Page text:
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Pedestrians are reflected on a building as they walk in downtown Ottawa on Oct. 20, 2020.Sean Kilpatrick/The Canadian Press

Canada is not an urban society. It is a suburban society. More than two-thirds of Canadians live in suburbs; in our largest cities the figure is over 80 per cent. Fifty-five per cent of Canadians live in detached homes. Four of the five best-selling vehicles in Canada are pickup trucks. (The fifth is an SUV.)

The COVID-19 pandemic is likely to hasten the flight from downtown to suburb, from the condo tower to a house with a garage and a backyard, from public transit to owning a car.

To understand the future of cities, understand the suburban family living on a curvy street in a house with the garage sticking out and a Ford F-150 in the driveway.

What does this family need or desire? How, other than relying on market forces and keeping out of their way, can we make their lives better? These are the questions that matter when we talk about the future of cities.

The pandemic has revealed flaws in the assumptions behind downtown living. Many millennials, unable to afford the stratospheric prices of houses in the core, live in high-rises. This is not an ideal environment when two adults suddenly have to work from home and there isn’t even a balcony, let alone a backyard.

Some of this will go away once everyone is vaccinated. But working from home is likely to become much more common, which is why in my city, Ottawa, Shopify wants to sublet its downtown headquarters.

Suddenly, the idea of thousands upon thousands of people wasting hours each day funnelling into city centres in the morning and then back home at night seems faintly ridiculous. Who wants to go back to doing that five days a week?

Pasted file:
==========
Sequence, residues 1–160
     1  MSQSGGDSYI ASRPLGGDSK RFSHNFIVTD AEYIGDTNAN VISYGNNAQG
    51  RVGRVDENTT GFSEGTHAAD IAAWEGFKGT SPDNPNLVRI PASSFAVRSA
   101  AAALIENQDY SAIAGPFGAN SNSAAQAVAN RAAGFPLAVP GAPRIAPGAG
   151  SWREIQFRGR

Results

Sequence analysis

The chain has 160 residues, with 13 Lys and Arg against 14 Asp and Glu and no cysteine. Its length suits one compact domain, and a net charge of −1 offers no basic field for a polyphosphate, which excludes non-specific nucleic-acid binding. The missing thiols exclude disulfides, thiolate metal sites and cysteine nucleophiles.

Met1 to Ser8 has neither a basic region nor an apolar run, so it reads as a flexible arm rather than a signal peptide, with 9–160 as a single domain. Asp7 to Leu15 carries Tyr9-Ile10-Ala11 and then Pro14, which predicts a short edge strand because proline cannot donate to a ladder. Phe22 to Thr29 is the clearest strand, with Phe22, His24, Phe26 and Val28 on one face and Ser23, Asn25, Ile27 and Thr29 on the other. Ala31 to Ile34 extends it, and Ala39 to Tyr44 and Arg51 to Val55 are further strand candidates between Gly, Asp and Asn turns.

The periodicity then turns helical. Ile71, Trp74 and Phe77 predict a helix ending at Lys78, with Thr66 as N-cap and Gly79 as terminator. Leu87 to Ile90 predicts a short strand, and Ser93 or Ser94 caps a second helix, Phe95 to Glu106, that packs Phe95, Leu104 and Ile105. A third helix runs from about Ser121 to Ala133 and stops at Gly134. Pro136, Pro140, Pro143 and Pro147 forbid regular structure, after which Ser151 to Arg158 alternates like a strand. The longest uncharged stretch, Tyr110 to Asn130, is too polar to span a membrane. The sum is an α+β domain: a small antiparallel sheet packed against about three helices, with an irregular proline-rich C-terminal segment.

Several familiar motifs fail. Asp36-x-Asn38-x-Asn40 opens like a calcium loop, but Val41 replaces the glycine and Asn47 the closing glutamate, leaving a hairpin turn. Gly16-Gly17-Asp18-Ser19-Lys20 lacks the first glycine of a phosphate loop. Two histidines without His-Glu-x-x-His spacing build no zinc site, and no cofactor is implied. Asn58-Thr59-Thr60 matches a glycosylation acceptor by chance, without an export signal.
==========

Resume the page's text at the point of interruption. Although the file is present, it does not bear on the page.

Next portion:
If the future of the city involves more people working at least part of the time from home, housing will have to adapt. As it turns out, the detached suburban house is quite well suited to the task.

People downtown grapple with issues such as congestion, homelessness, affordability. They assign a high priority to combatting global warming. They seek redistributive solutions: social services, subsidized housing, anti-racism initiatives, bike lanes, a carbon tax.

But the priorities of many suburbanites – including the 51 per cent of immigrants in Greater Toronto who live in suburbs – are aspirational rather than redistributive; they are more interested in getting ahead than in giving back. They don’t ride bikes between November and April, and they don’t seek to defund the police. As for global warming: pickup trucks.

If your response is that we must must get suburbanites to change their way of living and thinking, how do you plan to win their votes?

People in city centres should be thinking less about compelling suburbs to change, and more about what they’re going to do with all those empty downtown office towers and the shuttered stores in the malls beneath them, now that suburban workers are spending at least part of their work week at home.

They might ask how they’re going to get suburbanites to come downtown to shop and eat and see a movie or a play if they don’t work there much any more, cool new restaurants are opening in their own neighbourhood and everything they want to see is streamed.

That doesn’t mean many suburban dwellers don’t want changes. Looser zoning and fewer regulations might encourage the return of the corner store and other shops within walking distance.

Public transit may be reshaped to serve each community rather than acting as a hub-and-spoke commuter system.

The pandemic has revealed that retirement homes can be life-threatening. In our aging society, houses need to be redesigned to accommodate multiple generations of one family. Actually, they already do. Drive around any suburban neighbourhood with detached homes. Note how many jam three or four cars into the driveway. That may well be a multigenerational family, including grandparents and adult children who can’t afford to move out.

People thinking about the future of the city need to show suburban dwellers more respect. Stop telling them what their values and priorities should be, what future you envision for them.

They are most of us. They will decide their own future. And just in case you haven’t noticed, they like big trucks.

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